Building our beloved community with Project Safe Zone

Brendan Morrisey, City Year Philadelphia ’06-’07 alum and current Program Operations Manager, discusses Project Safe Zone, an initiative that has existed at City Year Philadelphia since 2003. Each month, more than 30 corps and staff members meet to discuss challenges that corps members are facing around homophobia, bullying and LGBTQ issues in schools and on teams.

Brendan Morrisey (third from the left) with corps members who are part of leading Project Safe Zone.

Q: What is Project Safe Zone?

A: Project Safe Zone is a corps led initiative that started in 2003 in Philadelphia; we are a group of LGBTQ staff and corps members and straight-supportive allies.  The mission is to create safe spaces and cultivate allies who have the courage, awareness and leadership skills to powerfully ensure the full inclusion of and respect for lesbian, gay, bisexual, transgendered, queer and questioning people at City Year Greater Philadelphia and in our communities. Project Safe Zone works to ensure that the people we serve feel safe and comfortable regardless of presumed or actual sexual orientation, gender, race, nationality, religion, creed, socio-economic status, or physical ability or appearance.

Q: What are some activities that Project Safe Zone engages in?

A: We  focus on developing trainings and tools for the corps to use in their service to combat homophobia and advocate for LGBTQ youth that may be facing challenges.  We have also planned various other initiatives in the past including corps member recruitment at LGBTQ events (Pride, OUTfest, the Equality Forum, and the Philadelphia TransHealth Conference), facilitating workshops for the City Heroes Program, service projects at LGBTQ agencies like the Attic Youth Center, and a citywide essay contest for high school students that awarded small scholarships to the top three essay winners.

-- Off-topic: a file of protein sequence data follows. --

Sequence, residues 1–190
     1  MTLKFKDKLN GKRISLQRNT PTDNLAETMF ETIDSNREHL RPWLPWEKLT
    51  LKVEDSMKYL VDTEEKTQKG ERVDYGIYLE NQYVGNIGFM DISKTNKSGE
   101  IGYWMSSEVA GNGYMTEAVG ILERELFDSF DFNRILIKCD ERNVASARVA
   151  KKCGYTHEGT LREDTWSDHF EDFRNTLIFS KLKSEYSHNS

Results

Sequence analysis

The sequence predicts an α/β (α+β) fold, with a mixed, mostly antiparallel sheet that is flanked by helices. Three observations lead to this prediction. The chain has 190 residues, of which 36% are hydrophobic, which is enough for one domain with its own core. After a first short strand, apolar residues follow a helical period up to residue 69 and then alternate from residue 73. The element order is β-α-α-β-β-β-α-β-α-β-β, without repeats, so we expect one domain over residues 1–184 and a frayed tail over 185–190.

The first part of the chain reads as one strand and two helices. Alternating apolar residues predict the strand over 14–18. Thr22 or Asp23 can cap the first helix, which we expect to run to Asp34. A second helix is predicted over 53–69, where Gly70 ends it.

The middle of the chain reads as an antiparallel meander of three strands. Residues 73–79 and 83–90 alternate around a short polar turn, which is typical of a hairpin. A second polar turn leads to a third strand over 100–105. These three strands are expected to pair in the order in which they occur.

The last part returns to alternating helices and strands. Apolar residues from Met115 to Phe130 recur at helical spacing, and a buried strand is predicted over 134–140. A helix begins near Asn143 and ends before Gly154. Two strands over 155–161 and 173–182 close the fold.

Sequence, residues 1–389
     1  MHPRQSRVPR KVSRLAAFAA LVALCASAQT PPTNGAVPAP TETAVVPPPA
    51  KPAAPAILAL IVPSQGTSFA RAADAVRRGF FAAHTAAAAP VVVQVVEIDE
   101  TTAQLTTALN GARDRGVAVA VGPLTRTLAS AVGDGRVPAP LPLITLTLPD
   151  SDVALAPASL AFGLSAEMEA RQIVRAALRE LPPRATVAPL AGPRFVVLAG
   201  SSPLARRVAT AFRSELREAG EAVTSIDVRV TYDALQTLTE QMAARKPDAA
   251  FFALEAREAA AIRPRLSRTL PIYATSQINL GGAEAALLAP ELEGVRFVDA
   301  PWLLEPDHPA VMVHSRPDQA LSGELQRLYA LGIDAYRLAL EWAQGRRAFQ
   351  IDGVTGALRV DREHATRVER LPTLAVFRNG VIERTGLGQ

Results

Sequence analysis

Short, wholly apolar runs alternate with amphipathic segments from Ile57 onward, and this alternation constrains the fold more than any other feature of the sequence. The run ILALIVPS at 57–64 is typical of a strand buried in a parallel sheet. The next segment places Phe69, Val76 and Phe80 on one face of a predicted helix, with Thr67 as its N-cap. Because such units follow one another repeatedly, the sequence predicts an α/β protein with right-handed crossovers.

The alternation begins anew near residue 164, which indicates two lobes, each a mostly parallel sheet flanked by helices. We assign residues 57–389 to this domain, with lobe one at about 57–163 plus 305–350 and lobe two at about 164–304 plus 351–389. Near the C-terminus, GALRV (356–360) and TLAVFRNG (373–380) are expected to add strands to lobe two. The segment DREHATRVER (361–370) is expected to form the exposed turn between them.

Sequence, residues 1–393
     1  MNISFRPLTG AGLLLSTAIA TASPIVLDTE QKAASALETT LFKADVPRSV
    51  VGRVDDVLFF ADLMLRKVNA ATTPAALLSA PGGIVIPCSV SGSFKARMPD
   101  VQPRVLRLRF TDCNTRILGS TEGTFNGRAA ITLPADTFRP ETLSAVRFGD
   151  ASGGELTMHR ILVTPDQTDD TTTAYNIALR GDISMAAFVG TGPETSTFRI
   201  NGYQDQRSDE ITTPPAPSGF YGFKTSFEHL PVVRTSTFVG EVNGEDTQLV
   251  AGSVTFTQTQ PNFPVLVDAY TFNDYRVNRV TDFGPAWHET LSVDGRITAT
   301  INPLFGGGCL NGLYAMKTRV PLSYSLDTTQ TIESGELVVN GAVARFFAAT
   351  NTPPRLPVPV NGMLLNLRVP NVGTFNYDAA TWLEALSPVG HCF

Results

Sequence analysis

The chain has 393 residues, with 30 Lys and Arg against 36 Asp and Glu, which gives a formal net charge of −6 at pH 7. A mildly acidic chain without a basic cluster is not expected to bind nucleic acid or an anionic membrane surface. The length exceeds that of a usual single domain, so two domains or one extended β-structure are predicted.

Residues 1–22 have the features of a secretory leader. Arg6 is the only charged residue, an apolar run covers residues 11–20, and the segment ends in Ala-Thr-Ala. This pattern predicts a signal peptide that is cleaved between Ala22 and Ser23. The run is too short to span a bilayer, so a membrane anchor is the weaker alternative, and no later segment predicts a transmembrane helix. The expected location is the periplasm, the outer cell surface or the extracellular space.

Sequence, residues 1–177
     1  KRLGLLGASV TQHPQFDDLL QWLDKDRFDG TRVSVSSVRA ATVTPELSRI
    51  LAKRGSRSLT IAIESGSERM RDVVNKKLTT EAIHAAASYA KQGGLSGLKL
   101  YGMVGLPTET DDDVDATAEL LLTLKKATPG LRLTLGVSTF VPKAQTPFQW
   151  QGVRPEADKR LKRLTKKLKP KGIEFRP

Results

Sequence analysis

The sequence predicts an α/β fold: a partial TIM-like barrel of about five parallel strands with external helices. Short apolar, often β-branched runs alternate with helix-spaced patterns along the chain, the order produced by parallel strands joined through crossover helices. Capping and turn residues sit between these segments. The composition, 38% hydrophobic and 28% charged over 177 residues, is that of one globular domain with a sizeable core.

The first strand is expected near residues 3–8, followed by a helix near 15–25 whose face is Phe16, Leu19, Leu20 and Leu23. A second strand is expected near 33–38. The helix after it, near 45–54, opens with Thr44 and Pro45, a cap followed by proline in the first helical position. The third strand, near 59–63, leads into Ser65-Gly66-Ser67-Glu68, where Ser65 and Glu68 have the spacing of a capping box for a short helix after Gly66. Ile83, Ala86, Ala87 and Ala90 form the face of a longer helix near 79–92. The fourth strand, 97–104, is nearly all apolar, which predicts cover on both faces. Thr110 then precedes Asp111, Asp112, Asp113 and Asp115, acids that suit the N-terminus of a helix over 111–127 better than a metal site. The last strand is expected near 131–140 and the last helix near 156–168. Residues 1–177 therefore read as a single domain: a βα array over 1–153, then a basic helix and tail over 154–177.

Q: Why is Project Safe Zone important for corps members?

A: Corps members should be sensitive and aware of the needs of all students, including ones who identify as LGBTQ or come from LGBTQ families.  We have a unique opportunity to be allies of LGBTQ students and model inclusive attitudes and behaviors. The dropout crisis for LGBTQ students is real: 28% of gay teens drop out of school annually, three times the national average (Henrick Martin Institute,

Q: What advice do you have for corps members who witness bullying in schools?

A: The best advice is to interrupt bullying and homophobia EVERY time you witness it.  When we ignore homophobia or bullying, we are passively participating.  Students know that if something was wrong, an adult would stop it.  In this way, you are not only interrupting the bullying as it occurs, but you’re also empowering an LGBTQ student who may witness you take action.

The tool that we encourage corps members to use is the 15 Second Response to Homophobia:

I want to remind you that [insert word or insult] is insulting to gay, lesbian and/or transpeople, and that we have some gay and lesbian people here in our school. That word makes them feel unsafe and unwelcome, and it’s important to me that everyone feels welcome here. Don’t use that word anymore.

Corps members can use the 15 second response for a variety of different insulting or hurtful words, not just ones that offend the LGBTQ community.

Q: What are some helpful resources and what do you recommend for people who want to start this at their site?

A:  In Philadelphia, we partner with the Ally Safe Schools Program for training our corps.  The first step is inviting an organization for a roundtable with corps members to discuss ways to partner.  The next step is to think about what your site needs. We created the CYGP Commitment and Expectations of LGBTQ Inclusivity statement that informs our staff and corps.  Consider hosting trainings for your staff and corps to educate them about LGBTQ youth development.

Helpful websites include:


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